• Disable or uninstall any unneeded services or software from any system you manage:
    As discussed above, changing default configurations can help prevent some attacks, but what if you don’t even use or need an installed software package or service? Uninstalling unused software will completely eliminate your exposure to any unknown vulnerabilities in the unneeded software once it is removed from your system. You can apply the same principle to any running network services on your system. If you don’t use or need the service, disable it. The more network services you have running, the more chance you have getting attacked or compromised over the network. Limit your exposure and risk by disabling unused network services.
  • Do not install unknown/untrusted software:
    You should not trust all freeware, shareware, and public domain software. Freeware software is usually home-grown by various individuals who may not have wrote the software with security in mind. One little freeware software package could result in your system being compromised due to poor software coding or an installed backdoor. Try to only install reputable freeware/shareware. Read reviews and do searches on the software on the Web, before deciding to install it. When downloading freeware/shareware software, always download from a reputable site to reduce your risk of Trojan software. The same applies for open source software. If you want to install open source software, it is best to download the source and/or binary versions from the project website or trusted mirrors.
  • Install a host-based firewall if warranted:
    IUP’s network is routable to the Internet, meaning almost anyone can access a system on the IUP network from around the world. Systems and networks across the Internet are scanned 24/7 by potential attackers. Even if the network wasn’t routable to the Internet, your system would still be vulnerable to internal attack or malicious activity. You can protect your system from both external and internal attacks by disabling network services or by using a personal firewall on your PC. A firewall is a system that acts as an interface between two networks, while regulating, isolating, and/or filtering network traffic between the two networks. Many modern network operating systems come with a host-based firewall (Windows 7, XP, Red Hat Enterprise Linux, etc.). There are also third-party companies that sell personal firewall packages, and some distribute free versions. If a firewall is used, it is still important to keep the local security of the system it protects just as strong as it would be without the firewall. Firewalls can sometimes be easily evaded or defeated.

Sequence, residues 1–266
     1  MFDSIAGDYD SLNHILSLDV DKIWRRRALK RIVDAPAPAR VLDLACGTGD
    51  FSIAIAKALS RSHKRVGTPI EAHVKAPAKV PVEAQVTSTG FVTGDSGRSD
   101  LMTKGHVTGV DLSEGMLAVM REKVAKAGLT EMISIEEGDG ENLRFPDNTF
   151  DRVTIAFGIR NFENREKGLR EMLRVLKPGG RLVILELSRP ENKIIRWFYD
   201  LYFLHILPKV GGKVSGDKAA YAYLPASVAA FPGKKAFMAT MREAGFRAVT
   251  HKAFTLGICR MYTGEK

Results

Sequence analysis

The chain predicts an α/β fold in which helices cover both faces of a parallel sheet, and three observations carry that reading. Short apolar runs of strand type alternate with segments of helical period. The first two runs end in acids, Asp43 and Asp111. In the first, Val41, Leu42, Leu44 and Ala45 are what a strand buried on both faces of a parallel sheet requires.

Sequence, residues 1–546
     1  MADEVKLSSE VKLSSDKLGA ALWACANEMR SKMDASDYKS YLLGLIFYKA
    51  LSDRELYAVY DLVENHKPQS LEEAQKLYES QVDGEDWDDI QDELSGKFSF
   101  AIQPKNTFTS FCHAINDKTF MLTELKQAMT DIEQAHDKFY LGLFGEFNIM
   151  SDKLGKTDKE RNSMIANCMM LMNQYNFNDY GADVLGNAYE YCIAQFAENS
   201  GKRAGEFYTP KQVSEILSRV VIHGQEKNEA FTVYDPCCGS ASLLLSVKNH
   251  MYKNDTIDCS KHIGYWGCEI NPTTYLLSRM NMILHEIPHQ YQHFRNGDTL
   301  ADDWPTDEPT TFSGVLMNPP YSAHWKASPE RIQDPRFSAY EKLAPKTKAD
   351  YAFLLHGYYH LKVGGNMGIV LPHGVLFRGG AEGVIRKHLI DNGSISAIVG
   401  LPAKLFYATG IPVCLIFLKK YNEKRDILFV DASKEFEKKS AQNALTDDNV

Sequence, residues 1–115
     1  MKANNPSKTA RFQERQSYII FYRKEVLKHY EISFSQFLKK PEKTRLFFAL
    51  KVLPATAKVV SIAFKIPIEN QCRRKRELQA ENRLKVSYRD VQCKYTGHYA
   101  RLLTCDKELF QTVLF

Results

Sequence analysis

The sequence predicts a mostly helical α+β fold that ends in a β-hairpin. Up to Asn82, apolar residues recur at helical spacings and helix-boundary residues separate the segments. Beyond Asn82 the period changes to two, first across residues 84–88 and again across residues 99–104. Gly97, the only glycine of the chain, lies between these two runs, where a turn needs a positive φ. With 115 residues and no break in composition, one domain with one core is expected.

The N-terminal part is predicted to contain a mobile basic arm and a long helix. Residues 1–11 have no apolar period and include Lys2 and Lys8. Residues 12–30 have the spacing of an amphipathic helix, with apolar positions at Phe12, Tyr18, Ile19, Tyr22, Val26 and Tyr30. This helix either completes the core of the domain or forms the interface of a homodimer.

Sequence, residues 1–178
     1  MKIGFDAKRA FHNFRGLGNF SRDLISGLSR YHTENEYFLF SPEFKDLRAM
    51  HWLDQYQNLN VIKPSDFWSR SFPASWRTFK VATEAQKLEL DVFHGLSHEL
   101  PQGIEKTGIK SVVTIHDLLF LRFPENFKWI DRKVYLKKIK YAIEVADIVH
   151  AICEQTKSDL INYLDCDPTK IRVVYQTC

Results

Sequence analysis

Virus Scanning

  • Install and maintain current antivirus software on any system you manage:
    Did you know there are over 100,000+ known malware (viruses, worms, bots, and trojans)? Most system compromises are a result of viruses and their like. Once a system that is not running current antivirus software is infected with a virus, trojan, or bot, you should format and rebuild the system. Installing antivirus software on a system after it has been compromised is not advised because once a system is infected, the virus may have installed numerous backdoors and may have already modified your system in ways an antivirus package cannot fix. It is imperative for the sake of the security of IUP’s computing environment that all administrators install and maintain current antivirus software and updated virus signatures on all the resources they manage. Viruses are just simple computer programs, but due to their spreading nature and negative effects, they can devastate entire networks with ease. A network of computers is only as secure as the least secure system. Keep your system clean from viruses and worms. IUP provides Sophos anti-virus softwareto protect your systems.
  • More information on viruses

Active Monitoring

  • Monitor and review log files:
    A part of keeping your system secure is to know what is happening on your system daily. By knowing what information your logs normally contain and/or who accesses your system, you will be able to more easily detect malicious activity and/or unauthorized access on your system. Use of an audit trail is recommended. Unsuccessful attempts should be monitored. Many unsuccessful attempts from the same system should be of concern. If you feel your system was compromised by a successful attack, you must turn off your system and contact the IT Support Center immediately! Sometimes preventative security measures such as patching seem like a lot of work, but it is a lot less work than formatting your hard disk and reinstalling your OS and software after your system is compromised. Once a system is compromised, any software and data on the computer should be considered tampered with.

Backup and Recovery

  • Backup your system regularly:
    Make a backup of the data on your system regularly on removable media. If your system gets compromised, your backup data will still be safe and will have kept its integrity. After you rebuild your system, you will be able to recover data from your backup. Backups are not only an important part of security, as they can also come in handy if your system is physically stolen, damaged, or broken. It may seem like a tedious task, but if you ever need your data restored, you will realize that it was well worth the extra time and effort.

Incident Response

  • Report any compromised system, malicious activity, or virus infected system:
    It is imperative that any IUP computing resource that is known to be compromised, assumed to be compromised, or acting “strange,” be shut down right away. If you are unsure, please contact the Technology Services Center. Also, any system or user that is known to be involved in malicious activity or attacks should be reported.

Last modified on 3/21/2014 1:52:01 PM